I've discovered that Shoulder Fore is taking the proper bend of a 15 meter circle and carrying that bend straight, while Shoulder In is taking the bend of a 10 meter circle and carrying that on a straight line. Two very similar exercises, but one requires more bend: shoulder in requires more effort than shoulder fore.
I hate to write about anything if I can't be somewhat authoritative. I am not an expert, and I certainly don't claim to be, but I do like to feel fairly certain about the accuracy of what I am writing. With that, I am going to plead ignorance here and simply admit that I am not sure what to call the exercise we did on Wednesday night. It wasn't a true shoulder fore since we did the exercise on a circle.
As JL called out instructions, I realized that she was asking me to ride with the outside shoulder forward of the inside shoulder. I asked if this was a shoulder fore. Being a hunter/jumper trainer, she wasn't sure what I meant. I explained that it felt as though I was asking for his outside shoulder to lead. Yes, that's what she was aiming for. But unlike a true shoulder fore, we were traveling in a circle. I don't think the exercise is a true leg yield either as I expected him to stay on the same circle, not move away from leg. The point of the exercise was to supple Sydney's body, specifically his neck, by asking him to stay off my inside leg with his neck over-bent to the inside. The point was to flex the neck while remaining on the circle, no collapsing in, no drifting out. In a true leg yield, the neck is not over-bent and the horse moves in a sideways manner.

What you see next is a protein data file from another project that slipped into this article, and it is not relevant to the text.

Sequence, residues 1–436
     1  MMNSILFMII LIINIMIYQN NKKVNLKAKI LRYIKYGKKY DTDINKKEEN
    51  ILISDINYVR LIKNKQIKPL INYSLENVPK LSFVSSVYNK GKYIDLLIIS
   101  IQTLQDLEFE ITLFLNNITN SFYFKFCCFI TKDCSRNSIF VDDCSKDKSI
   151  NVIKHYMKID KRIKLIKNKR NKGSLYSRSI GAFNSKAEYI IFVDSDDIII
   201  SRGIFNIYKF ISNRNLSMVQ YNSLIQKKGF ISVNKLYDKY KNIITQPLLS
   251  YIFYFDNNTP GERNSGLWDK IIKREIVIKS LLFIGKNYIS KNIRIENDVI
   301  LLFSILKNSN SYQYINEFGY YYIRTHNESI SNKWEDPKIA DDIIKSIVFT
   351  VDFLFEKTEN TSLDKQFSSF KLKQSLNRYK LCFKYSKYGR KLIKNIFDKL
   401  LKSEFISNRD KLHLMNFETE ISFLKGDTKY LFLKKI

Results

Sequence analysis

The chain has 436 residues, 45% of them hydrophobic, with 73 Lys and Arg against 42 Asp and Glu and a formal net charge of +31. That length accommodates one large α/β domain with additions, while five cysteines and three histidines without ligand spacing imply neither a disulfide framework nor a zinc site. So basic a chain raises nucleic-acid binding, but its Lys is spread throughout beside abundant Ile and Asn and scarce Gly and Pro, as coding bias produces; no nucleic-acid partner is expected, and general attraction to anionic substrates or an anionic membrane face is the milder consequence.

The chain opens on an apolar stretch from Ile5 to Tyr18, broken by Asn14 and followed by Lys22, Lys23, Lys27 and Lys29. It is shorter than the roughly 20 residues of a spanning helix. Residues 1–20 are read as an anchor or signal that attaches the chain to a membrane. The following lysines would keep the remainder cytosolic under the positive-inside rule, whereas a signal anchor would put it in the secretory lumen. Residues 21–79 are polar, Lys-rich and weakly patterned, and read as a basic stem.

After several of these neck bends, we kept the same circle, but I counter-flexed his neck. This time his neck was over-bent to the left while he tracked right, and it was the right shoulder that led. Then we moved back and forth, gently. Look at my outside knee, look at my inside knee, outside, inside. All the while I asked him to step away from my inside leg.
We repeated the exercise tracking left. This exercise worked wonders to supple Sydney's "ribcage" and his neck. He got softer and softer the more we worked. After a circle or two, I let him carry his neck straight to rest. But then we continued.
So what is this exercise called, if anything? Is it simply a suppling exercise, or does it have a dressage name? I've pointed out many times that my foray into the dressage world is anything but typical: I come from the endurance world with no formal lessons before the age of 37; I am riding an Arabian (and now an imported New Zealand thoroughbred); My trainer is a hunter/jumper trainer; I started showing way before we were ready. Like it says in my blog description, "classical dressage in non-traditional ways." That is us, and this recent set of exercises only confirms how non-traditional we are. If you have a name, other than suppling, I'd like to hear it.
And if you can, will you throw out what "upperish" movements these exercises lead to? That would be great.